Imagine yourself making healthy choices that strengthen you in the face of adversity.
TRAUMATIC EVENTS AFFECT EVERYONE, but persistent symptoms for weeks and months could be indicative of PTSD. Fear is a normal and even beneficial part of life. In times of danger, fear triggers the body’s fight-or-flight response, alerting us to stay on guard. However, a person struggling with PTSD experiences a reaction whether danger is real or perceived.
PTSD (post-traumatic stress disorder) is most often associated with war veterans, but anyone is susceptible after a traumatic event. Nearly 3.5% of Americans suffer from PTSD after such events, which might include physical abuse, a car accident, natural disasters, sexual assault, or any other traumatic situation.
EVALUATE YOUR STRESS MANAGEMENT STRATEGIES
Physical, emotional, and mental symptoms are natural after a trauma. However, if they persist after several weeks or months, it’s important to check in with your doctor or a mental health professional. An official PTSD diagnosis might be warranted. Symptoms include three major categories:
- Re-experiencing – Often triggered by words, thoughts, or situations.
- Flashbacks or reliving the trauma
- Scary thoughts, nightmares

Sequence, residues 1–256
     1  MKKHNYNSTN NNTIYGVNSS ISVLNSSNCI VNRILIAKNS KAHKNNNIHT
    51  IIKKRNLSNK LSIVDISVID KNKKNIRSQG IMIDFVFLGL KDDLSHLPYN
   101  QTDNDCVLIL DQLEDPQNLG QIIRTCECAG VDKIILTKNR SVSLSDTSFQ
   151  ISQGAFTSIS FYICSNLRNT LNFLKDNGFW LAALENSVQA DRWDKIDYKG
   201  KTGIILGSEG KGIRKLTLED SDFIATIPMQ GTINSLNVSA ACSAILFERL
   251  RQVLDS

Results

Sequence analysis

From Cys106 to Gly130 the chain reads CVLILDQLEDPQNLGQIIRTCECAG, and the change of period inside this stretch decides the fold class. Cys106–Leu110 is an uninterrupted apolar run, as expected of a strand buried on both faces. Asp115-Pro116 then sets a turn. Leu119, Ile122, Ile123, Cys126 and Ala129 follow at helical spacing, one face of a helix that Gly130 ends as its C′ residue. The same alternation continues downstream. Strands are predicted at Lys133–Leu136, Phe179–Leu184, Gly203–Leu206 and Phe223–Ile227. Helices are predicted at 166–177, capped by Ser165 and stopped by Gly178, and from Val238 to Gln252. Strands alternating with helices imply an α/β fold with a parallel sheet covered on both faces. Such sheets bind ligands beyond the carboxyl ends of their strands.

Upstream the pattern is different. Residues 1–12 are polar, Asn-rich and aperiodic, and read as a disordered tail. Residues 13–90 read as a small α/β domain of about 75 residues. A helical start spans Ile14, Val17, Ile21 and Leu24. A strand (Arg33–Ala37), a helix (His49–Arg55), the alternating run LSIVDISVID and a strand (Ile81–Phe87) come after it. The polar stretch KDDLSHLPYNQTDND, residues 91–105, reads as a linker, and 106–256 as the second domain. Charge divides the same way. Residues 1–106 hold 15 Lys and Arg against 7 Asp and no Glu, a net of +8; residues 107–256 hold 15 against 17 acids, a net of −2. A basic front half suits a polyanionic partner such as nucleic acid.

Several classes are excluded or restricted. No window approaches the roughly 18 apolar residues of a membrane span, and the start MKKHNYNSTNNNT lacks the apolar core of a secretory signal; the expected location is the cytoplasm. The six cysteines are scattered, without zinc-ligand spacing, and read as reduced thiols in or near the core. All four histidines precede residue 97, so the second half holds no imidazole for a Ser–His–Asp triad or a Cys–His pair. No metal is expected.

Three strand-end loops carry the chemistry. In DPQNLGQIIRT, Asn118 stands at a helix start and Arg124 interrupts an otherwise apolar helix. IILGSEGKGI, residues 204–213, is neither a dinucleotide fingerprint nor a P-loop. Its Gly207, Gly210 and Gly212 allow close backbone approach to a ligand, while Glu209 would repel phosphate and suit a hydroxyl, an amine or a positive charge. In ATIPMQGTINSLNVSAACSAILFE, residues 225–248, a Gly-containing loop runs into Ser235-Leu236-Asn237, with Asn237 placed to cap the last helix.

- Avoidance – Switching up a routine to prevent re-experiencing thoughts.
- Avoiding places that remind you of the event
- Feeling guilty, depressed, or emotionally numb
- Losing interest in enjoyable activities
- Hyperarousal – Experiencing heightened emotions.
- Difficulty sleeping
- Angry outbursts
- Easily startled or tensed
Substance abuse, depression, and anxiety disorders can also accompany PTSD.
If you’re experiencing suicidal thoughts, ask for help or call a suicide hotline immediately. In the U.S., call 1-800-273-8255 or Click here to chat with someone at the National Suicide Prevention Lifeline.
RISKS AND TREATMENT
PTSD is more likely to affect those with a family history of mental illness, no social support network, or a history of childhood trauma. Your brain’s chemical response to stress is also a contributor. You can reduce your PTSD risk with healthy coping strategies, such as leaning on family or friends, attending a support group, and eliminating self-blame.